OTTAWA – Duncan Keith actually looks pretty good these days. His color is good, he looks robust and there is nary a hint of sunken cheeks. Enjoy it while you can because if things go according to plan, there’s a good chance Keith will morph into an emaciated mess, one barely capable of lifting a 34.5-pound trophy over his head on a sultry night sometime in June.
The Chicago Blackhawks have been relative lightweights when it comes to winning streaks this season. The most they’ve ever strung together so far has been seven, not even close to the 10-gamers posted by the Calgary Flames and Philadelphia Flyers, even further from the 12-game streak the Minnesota Wild had in December and not even in the same area code as the 16-spot put up by the Columbus Blue Jackets that spanned 37 days. But the Blackhawks find themselves in a very familiar place, atop the standings in the Western Conference, three points clear of the Wild – a team they trailed by nine points a month ago – after a 2-1 win over the Ottawa Senators in which Keith scored a goal.
Keith is also occupying a familiar space. He’s averaging 25:45 in ice time per game, which is good for sixth in the NHL and his highest average in five seasons. But for Keith, playing 25 minutes a game in the regular season is child’s play. Only once in his career, when he made his playoff debut in 2008-09, has Keith averaged under 25 minutes a game in the playoffs. In the eight post-seasons in which he’s appeared, Keith has averaged 30-plus minutes three times, including each of the past two seasons. And two years ago when the Blackhawks won their last Cup, they did it largely on the backs of Conn Smyth Trophy winner Keith and the efforts of Brent Seabrook, Niklas Hjalmarsson and Johnny Oduya.
With the acquisition of Oduya at the trade deadline, the four (work)horsemen are together again. And if the need arises, they’ll all log enormous numbers of minutes, led by Keith. The playoffs start in less than a month, so it would stand to reason that Keith is gearing up for the possibility of spending 30 hard minutes a game on the ice every other night for a couple of months.
“Not right now, but the plan is to be ready to go when playoffs start,” Keith said. “We want to be smart with how we take care of ourselves and playing the game the right way. I know what you’re kind of saying there.”
Keith is quick to point out, however, that the Blackhawks are a lot deeper on defense than they’ve been in the past. And he’s right. They actually have eight defensemen who can contribute at the NHL level, which should help. But the playoffs are a completely different animal and the Blackhawks have been so good because they’ve given their top players a lot of responsibility and those players have proved to be up to the task every time.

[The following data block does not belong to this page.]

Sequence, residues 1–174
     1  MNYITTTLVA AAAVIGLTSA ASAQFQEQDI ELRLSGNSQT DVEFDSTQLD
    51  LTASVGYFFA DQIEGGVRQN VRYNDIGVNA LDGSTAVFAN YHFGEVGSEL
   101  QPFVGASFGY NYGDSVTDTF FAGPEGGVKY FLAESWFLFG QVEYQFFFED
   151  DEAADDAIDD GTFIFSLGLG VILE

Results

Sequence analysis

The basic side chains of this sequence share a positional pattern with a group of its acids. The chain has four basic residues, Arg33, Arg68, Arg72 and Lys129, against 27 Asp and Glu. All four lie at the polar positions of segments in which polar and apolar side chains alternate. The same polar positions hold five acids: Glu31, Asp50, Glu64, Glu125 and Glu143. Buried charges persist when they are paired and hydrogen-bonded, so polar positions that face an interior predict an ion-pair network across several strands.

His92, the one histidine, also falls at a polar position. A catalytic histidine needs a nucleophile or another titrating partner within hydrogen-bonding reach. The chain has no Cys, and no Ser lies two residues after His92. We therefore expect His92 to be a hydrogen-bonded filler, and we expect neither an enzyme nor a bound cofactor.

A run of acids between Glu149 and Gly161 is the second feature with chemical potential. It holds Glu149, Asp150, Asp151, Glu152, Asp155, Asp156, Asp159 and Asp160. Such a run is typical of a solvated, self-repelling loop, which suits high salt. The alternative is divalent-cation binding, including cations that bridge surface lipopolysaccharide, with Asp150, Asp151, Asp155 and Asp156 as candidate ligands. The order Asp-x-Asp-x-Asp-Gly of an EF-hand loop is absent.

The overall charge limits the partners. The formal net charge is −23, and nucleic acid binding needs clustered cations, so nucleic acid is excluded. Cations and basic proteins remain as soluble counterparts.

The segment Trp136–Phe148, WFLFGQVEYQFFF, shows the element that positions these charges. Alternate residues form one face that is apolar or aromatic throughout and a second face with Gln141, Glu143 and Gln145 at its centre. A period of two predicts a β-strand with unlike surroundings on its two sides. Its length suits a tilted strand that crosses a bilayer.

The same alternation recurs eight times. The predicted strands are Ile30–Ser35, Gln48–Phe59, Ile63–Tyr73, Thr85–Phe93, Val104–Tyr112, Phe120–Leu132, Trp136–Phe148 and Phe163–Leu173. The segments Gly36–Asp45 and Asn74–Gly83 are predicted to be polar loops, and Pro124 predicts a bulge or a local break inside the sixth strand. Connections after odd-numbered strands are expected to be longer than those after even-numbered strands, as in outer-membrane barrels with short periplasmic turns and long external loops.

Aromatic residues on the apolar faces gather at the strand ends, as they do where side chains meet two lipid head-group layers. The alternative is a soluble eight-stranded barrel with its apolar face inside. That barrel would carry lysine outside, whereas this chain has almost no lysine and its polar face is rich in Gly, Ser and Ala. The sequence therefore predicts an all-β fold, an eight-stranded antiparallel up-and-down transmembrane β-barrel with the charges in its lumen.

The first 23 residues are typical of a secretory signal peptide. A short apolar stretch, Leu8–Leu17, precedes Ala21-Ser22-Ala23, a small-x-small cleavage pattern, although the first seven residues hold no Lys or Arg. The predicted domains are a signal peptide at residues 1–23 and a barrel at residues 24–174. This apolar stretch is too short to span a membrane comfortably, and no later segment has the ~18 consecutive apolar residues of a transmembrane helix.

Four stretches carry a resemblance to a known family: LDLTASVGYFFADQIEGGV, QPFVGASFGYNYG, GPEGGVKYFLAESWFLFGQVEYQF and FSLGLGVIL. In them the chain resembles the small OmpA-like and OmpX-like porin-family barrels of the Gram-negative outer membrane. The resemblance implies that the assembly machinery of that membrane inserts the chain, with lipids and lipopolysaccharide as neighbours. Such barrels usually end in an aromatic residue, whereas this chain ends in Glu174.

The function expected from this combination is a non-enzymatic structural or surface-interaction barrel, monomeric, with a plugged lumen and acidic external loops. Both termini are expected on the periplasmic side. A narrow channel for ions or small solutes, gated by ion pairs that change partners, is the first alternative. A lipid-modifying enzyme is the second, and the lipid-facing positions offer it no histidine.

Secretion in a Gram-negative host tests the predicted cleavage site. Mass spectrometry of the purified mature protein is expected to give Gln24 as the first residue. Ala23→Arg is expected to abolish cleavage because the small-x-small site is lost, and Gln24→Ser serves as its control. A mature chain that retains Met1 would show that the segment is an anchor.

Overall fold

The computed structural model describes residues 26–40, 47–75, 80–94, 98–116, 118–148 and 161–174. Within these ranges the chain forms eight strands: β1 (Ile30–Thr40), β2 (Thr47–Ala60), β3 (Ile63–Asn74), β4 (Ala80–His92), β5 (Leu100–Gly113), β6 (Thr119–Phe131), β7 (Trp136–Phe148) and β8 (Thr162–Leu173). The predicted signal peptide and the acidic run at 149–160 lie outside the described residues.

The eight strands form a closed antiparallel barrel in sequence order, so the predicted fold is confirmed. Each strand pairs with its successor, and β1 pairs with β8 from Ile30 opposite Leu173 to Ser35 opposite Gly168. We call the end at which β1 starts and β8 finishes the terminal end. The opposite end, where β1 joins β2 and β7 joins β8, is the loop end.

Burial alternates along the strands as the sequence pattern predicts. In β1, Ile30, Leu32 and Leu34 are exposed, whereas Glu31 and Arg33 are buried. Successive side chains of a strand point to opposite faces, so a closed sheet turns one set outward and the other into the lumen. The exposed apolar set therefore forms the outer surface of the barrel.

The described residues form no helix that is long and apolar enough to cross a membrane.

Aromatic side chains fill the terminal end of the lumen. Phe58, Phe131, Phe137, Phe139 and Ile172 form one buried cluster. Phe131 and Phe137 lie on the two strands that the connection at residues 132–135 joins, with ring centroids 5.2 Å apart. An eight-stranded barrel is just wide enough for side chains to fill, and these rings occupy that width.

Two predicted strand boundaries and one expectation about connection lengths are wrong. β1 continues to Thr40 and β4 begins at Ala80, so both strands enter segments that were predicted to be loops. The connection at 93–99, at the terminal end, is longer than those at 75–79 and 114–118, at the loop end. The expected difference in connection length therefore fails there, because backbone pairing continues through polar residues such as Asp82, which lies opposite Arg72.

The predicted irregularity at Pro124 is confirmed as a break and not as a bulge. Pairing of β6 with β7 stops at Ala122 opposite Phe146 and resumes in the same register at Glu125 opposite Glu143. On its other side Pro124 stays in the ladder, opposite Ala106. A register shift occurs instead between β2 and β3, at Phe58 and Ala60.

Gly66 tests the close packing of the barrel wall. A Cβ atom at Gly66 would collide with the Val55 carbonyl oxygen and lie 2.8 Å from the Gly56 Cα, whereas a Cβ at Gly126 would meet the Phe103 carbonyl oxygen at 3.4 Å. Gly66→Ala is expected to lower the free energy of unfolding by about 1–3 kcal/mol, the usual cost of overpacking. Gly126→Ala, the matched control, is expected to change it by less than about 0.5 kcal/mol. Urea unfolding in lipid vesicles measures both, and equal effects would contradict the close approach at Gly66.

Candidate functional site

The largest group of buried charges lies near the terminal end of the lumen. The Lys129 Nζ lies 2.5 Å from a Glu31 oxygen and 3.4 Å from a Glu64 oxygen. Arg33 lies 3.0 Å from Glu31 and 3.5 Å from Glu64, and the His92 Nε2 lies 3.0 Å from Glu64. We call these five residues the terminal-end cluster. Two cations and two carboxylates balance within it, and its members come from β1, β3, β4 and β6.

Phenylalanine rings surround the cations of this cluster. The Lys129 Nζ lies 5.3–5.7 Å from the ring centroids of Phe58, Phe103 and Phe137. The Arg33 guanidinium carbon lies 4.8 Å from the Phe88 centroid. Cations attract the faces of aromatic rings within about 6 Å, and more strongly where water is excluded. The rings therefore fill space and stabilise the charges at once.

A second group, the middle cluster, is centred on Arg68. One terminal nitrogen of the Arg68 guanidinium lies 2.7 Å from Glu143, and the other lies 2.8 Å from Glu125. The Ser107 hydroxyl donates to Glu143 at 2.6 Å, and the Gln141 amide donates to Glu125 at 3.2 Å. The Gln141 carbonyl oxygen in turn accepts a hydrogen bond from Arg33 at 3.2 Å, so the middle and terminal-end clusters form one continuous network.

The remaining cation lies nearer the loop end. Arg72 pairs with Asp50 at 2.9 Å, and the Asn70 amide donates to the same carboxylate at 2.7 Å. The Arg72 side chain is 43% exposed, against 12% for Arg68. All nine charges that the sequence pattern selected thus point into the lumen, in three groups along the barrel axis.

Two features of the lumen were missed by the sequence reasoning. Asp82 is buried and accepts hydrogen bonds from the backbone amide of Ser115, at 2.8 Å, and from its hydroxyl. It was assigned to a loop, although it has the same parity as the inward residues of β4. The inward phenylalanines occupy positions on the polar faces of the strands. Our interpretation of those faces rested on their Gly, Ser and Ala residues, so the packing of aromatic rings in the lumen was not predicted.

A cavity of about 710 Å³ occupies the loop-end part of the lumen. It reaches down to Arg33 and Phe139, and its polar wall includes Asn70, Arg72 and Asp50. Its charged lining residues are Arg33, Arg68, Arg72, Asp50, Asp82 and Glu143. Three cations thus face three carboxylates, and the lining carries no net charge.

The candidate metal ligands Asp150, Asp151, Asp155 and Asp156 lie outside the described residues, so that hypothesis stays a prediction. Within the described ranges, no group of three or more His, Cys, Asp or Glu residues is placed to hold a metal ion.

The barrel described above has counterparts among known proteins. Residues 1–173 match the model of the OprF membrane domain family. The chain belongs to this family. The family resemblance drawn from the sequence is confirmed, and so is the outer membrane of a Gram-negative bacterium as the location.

“We’ve got a great defensive corps and we have two good players who are not playing in (Michal) Kempny and (Michal) Rozsival,” Keith said. “We’ve got good depth and I like our defense. It’s always easy to say on paper it should work, but it’s a matter of going and executing and every year is different. It’s just playing in the moment, being in the present and executing when the time comes.”
Nobody knows that better than Keith, who’s pretty good at executing at the right times. So is Seabrook, who seems to score more big playoff goals than any other defenseman in the game. Hjalmarsson is and always has been an underappreciated defensive stalwart and has been Keith’s defense partner of late, while Oduya probably won’t play as much as he did in the playoffs two years ago, but is still capable of forming a formidable tandem with Seabrook. Brian Campbell can eat some minutes and it’s pretty clear the trust level with Trevor van Riemsdyk is higher than it was in the playoffs two years ago.
“We’ve got a lot more depth,” said Blackhawks coach Joel Quenneville. “No matter who’s on the ice, we’re comfortable. We’re eight deep and a lot of guys have experience. And hopefully we get a little more balance and I would foresee everybody getting a chance to play and the minutes wouldn’t be distributed as frequent to those guys.”
But if you had to…
“It’s not a bad option,” Quenneville said with a wry smile.
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